The automatic working apparatus according to the invention operates on the basis of the principle described below. The invention starts from the fact that the speed of the route-controlled object at a position on the path thereof preceding to a given bend point may be determined in dependence on the bend angle by which the moving direction of the route-controlled object is to be varied at that given bend point. More specifically, the speed of the route-controlled object approaching to the bend point must be correspondingly decreased for a larger bend angle, while the speed of the route-controlled object need not be decreased significantly when the bend angle at the next bend point is relatively small. The value of the bend angle can be easily arithmetically determined on the basis of the coordinates of three bend points, i.e. the coordinates of the next bend point at which the moving direction of the route-controlled object is to be changed and the coordinates of the bend point which precedes and succeeds, respectively. Such arithmetical determination is executed for every bend point. The results of the arithmetical determination executed in the teaching mode of operation are stored in a memory or storage device and may be read out in any suitable manner in the play-back control mode to be utilized as the speed commands or alternatively coordinates of three bend points in a group are read out from the memory device to be used for arithmetical determination of the bending angle from which the speed command for the intermediate bend point is then prepared and produced. In the former case, although the memory device having a greater storage capacity as compared with the latter case, an advantage is obtained that the arithmetical determination of the bend angles need not be executed for every play-back control. On the other hand, in the latter case, the arithmetical operations for determining the bend angle are required for every play-back. However, the memory device may be of a relatively small storage capacity.

For the speed control of the route-controlled object in dependence on the value of the bend angle, the speed v of the route-controlled object at the time passing by the given bend point can be made in reverse proportion to the bend angle δ at that bend point. Further, the speed v may be varied in a stepped manner as a function of the bend angle δ.

When the bend points to be sequentially passed by the route-controlled object are spaced from one another for a significatnly great distance, the speed v may be determined only in conjunction with the bend angle δ. However, if the distance between the first bend point to be immediately passed by the route-controlled object and the second bend point to be passed in succession is relatively short, the speed v can not be determined with a reasonable accuracy only on the basis of the bend angle δ1 at the first bend point, because the route-controlled object can not be decelerated sufficiently before reaching the second bend point and will deviate from the programmed path particularly when the bend angle δ2 at the second bend point is large. In order to avoid such an inconvenience, the speed v of the route-controlled object is determined not only from the bend angle at the first bend point but also in consideration of the distance between the first and the second bend point. In summary, when the distance between the first and the second bend points is sufficiently long, the speed v of the route-controlled object at the time when it passes by the first bend point is determined as a function of only the bend angle δ1 at the first bend point. On the other hand, when the distance between the first and the second bending points is short, the speed v of the controlled object at the first bend point is reduced even if the bend angle δ1 thereof is small. Namely, an arithmetical operation unit for realizing the following equation is employed thereby to determine the speed v in inverse proportion to the result of the arithmetical operation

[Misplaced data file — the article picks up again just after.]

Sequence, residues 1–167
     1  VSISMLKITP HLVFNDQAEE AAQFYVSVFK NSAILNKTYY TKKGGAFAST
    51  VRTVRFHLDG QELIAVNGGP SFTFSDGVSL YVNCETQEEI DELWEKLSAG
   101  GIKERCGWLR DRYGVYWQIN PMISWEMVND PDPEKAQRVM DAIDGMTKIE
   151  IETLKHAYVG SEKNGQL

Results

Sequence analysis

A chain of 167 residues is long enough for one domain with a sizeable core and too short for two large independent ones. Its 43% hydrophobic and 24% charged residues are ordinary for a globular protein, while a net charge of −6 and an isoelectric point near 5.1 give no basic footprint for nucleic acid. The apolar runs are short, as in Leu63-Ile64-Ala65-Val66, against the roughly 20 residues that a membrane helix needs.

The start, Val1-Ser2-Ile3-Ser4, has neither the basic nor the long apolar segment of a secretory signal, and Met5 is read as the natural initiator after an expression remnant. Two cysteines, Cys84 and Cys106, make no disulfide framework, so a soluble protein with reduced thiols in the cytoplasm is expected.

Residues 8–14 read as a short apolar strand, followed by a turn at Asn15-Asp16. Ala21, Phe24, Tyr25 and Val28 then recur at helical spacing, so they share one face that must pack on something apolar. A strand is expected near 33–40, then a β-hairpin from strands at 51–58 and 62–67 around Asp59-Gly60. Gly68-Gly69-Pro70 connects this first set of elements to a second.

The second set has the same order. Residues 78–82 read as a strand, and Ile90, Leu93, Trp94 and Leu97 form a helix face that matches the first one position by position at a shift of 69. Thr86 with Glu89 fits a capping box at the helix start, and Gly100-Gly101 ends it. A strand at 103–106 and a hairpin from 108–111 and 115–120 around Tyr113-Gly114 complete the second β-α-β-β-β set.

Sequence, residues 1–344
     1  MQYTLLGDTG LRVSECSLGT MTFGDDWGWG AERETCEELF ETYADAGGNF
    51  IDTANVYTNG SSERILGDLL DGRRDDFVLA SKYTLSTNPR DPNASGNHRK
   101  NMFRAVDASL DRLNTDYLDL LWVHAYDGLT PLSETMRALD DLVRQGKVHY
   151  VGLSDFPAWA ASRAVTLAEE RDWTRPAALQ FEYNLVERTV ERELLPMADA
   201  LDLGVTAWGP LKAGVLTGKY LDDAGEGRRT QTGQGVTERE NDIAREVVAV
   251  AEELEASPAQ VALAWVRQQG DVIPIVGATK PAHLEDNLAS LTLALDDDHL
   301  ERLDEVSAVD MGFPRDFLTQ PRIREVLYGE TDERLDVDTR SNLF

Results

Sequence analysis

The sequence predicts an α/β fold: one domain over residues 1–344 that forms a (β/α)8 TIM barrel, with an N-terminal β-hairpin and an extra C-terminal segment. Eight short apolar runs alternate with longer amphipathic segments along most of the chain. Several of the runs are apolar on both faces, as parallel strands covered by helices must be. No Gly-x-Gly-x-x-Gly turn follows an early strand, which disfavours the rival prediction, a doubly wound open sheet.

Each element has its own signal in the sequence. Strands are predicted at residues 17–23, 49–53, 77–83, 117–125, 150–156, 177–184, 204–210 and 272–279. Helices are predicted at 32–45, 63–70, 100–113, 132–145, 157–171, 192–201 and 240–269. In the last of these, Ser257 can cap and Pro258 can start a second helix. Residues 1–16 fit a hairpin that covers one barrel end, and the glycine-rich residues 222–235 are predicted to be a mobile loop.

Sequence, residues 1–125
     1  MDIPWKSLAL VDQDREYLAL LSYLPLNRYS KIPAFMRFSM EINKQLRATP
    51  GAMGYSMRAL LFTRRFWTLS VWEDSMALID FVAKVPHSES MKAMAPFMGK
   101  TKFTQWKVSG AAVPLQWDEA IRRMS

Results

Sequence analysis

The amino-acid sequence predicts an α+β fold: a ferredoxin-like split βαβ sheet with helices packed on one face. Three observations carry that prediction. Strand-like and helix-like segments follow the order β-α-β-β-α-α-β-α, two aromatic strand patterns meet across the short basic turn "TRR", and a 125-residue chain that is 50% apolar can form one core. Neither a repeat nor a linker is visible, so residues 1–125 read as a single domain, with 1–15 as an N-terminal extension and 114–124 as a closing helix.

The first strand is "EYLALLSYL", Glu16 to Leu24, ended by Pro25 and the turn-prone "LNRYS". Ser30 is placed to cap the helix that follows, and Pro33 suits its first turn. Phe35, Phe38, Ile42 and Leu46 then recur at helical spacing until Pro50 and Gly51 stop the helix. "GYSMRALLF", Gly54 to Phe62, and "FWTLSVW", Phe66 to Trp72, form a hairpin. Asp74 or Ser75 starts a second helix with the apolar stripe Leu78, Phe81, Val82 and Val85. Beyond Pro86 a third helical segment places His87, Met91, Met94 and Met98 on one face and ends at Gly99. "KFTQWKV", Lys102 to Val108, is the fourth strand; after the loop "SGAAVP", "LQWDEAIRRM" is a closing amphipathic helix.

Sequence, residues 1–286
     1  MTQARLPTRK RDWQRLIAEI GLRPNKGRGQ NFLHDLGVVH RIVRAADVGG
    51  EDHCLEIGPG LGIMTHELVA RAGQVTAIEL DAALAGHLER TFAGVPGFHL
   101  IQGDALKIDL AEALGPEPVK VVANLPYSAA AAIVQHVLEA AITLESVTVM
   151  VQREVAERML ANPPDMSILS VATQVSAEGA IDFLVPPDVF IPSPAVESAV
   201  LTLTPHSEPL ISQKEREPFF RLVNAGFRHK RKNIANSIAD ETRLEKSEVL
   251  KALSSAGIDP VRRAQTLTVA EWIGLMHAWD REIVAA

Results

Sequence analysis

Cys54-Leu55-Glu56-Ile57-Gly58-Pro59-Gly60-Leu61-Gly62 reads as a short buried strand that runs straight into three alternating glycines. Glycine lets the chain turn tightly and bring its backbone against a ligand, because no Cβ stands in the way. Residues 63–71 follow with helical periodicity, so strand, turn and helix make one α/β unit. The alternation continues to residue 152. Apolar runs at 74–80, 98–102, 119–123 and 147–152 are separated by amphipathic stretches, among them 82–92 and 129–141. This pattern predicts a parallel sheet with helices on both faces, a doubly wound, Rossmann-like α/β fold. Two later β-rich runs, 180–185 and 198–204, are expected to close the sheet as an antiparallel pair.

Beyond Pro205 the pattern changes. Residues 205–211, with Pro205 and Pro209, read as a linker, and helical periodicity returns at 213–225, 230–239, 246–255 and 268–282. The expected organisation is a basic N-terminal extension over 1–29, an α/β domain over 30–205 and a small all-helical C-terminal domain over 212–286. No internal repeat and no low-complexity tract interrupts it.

1 1/l                                  (1)

where l represents the distance between the first bend point to be next passed by the route-controlled object and the second bend point to be passed in succession, δ1 represents the bend angle at the first bend point, and k represents a coefficient.